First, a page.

Researchers examined six decades of mental health and mortality data on 3,410 adults during three time periods: 1952 to 1967, 1968 to 1990 and 1991 to 2011. Depression was associated with an increased risk of premature death in every decade of the study for men, and starting in the 1990s for women.

The connection between depression and a shorter lifespan appeared strongest in the years following a depressive episode, leading the researchers to conclude that at least part of the risk might be reversed by effectively treating the mental illness.

"For some individuals depression can be very serious condition," said lead study author Stephen Gilman of the Eunice Kennedy Shriver National Institute of Child Health and Human Development.

"Given our finding that individuals whose depression was present at multiple time points in our study were at highest risk, it is very important to seek treatment for depression and to be vigilant about recurrences," Gilman said by email.

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Butterfly

11 habits of very happy people

smiling woman
© Getty Images
We're always chasing something-be it a promotion, a new car, or a significant other. This leads to the belief that, "When (blank) happens, I'll finally be happy."

While these major events do make us happy at first, research shows this happiness doesn't last. A study from Northwestern University measured the happiness levels of regular people against those who had won large lottery prizes the year prior. The researchers were surprised to discover that the happiness ratings of both groups were practically identical.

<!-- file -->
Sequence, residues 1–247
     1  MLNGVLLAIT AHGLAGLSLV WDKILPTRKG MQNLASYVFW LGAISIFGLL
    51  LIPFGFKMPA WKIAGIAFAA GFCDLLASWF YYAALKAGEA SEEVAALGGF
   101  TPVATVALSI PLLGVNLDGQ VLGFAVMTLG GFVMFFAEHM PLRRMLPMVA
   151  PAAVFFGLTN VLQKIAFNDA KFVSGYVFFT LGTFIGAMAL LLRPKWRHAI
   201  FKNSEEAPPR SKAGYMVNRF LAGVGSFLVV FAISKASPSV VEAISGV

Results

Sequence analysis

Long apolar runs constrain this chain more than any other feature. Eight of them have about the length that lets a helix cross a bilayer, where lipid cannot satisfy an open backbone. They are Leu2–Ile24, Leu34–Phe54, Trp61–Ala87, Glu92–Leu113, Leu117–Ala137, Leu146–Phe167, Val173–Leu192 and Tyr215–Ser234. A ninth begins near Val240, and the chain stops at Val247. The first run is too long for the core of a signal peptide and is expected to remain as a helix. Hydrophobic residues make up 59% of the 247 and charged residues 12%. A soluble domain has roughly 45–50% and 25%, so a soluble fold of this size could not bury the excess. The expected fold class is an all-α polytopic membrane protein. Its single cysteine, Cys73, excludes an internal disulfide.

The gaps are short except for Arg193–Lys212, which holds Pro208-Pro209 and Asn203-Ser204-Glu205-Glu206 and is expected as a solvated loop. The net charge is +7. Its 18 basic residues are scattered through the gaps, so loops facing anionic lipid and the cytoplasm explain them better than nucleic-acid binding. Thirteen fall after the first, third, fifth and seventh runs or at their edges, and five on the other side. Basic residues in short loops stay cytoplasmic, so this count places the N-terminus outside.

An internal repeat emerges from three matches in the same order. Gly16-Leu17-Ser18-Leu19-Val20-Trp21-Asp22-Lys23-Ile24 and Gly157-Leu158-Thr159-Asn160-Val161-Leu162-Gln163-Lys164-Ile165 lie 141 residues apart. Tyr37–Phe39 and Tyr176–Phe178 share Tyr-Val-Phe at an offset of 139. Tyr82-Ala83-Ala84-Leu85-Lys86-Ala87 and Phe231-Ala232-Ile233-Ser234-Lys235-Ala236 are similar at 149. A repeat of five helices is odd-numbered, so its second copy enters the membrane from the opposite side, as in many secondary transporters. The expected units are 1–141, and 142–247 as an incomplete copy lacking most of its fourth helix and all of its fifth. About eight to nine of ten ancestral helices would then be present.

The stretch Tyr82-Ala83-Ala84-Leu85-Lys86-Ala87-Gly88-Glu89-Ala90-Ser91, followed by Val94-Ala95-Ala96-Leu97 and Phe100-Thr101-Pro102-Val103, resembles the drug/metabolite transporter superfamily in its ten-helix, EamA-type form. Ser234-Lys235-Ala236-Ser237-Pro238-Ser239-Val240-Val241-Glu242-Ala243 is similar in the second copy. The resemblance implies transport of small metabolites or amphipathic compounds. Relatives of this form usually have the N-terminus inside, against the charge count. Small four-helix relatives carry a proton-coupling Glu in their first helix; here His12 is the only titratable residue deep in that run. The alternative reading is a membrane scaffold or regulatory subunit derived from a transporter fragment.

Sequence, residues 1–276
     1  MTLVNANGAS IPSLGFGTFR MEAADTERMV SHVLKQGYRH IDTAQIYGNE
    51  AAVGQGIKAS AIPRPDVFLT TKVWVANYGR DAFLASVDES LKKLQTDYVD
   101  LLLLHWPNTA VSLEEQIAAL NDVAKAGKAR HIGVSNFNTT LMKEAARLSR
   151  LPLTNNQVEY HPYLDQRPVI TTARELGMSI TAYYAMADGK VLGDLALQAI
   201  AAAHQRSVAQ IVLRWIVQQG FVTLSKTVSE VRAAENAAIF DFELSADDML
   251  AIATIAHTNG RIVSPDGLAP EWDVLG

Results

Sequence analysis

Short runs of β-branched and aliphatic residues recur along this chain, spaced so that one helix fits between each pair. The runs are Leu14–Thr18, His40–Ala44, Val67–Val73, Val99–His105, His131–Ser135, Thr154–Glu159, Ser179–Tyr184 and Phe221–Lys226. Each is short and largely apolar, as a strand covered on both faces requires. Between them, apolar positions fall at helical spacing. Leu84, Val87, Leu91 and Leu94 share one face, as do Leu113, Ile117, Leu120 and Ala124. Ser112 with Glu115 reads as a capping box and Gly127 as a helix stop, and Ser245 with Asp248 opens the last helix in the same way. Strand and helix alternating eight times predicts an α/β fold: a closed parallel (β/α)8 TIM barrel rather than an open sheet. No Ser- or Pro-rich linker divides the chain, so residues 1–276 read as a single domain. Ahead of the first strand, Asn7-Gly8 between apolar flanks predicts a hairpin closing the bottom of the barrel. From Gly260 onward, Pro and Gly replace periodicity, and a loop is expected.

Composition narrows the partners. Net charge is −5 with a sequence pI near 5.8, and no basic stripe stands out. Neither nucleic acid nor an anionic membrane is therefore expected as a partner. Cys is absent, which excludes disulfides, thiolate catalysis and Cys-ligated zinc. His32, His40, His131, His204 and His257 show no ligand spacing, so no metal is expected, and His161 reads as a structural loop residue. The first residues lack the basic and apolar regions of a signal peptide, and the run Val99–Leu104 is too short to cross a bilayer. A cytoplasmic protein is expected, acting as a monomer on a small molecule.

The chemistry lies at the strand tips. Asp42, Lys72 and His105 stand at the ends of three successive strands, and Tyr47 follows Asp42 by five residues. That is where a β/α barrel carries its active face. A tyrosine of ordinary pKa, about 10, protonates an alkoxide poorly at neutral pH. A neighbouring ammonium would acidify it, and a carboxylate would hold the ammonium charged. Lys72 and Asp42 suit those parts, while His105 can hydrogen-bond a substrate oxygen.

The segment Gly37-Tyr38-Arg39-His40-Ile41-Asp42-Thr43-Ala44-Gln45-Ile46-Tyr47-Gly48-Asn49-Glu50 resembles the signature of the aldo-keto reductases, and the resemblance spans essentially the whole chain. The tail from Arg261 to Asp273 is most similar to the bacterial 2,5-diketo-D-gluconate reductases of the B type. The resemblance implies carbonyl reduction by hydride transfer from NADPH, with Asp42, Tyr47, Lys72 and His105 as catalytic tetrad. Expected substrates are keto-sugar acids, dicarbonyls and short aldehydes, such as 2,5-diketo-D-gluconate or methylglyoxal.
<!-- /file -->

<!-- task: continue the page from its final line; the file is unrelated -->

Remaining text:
happiness normal people lottery winners
The mistaken notion that major life events dictate your happiness and sadness is so prevalent that psychologists have a name for it: impact bias. The reality is, event-based happiness is fleeting.

Happiness is synthetic-you either create it, or you don't. Happiness that lasts is earned through your habits. Supremely happy people have honed habits that maintain their happiness day in, day out. Try out their habits, and see what they do for you:

Brain

More efficient brains: Study suggests a tendency to daydream may indicate a higher level of intelligence and creativity

 mind wandering, daydreaming
Unable to stay focused? Frequently going away with the fairies? It may be because you have so much brain capacity that it needs to find ways to keep itself occupied, according to new research.

A team of psychologists has found a positive correlation between a person's tendency to daydream and their levels of intelligence and creativity.

"People tend to think of mind wandering as something that is bad. You try to pay attention and you can't," said one of the team, Eric Schumacher from Georgia Institute of Technology.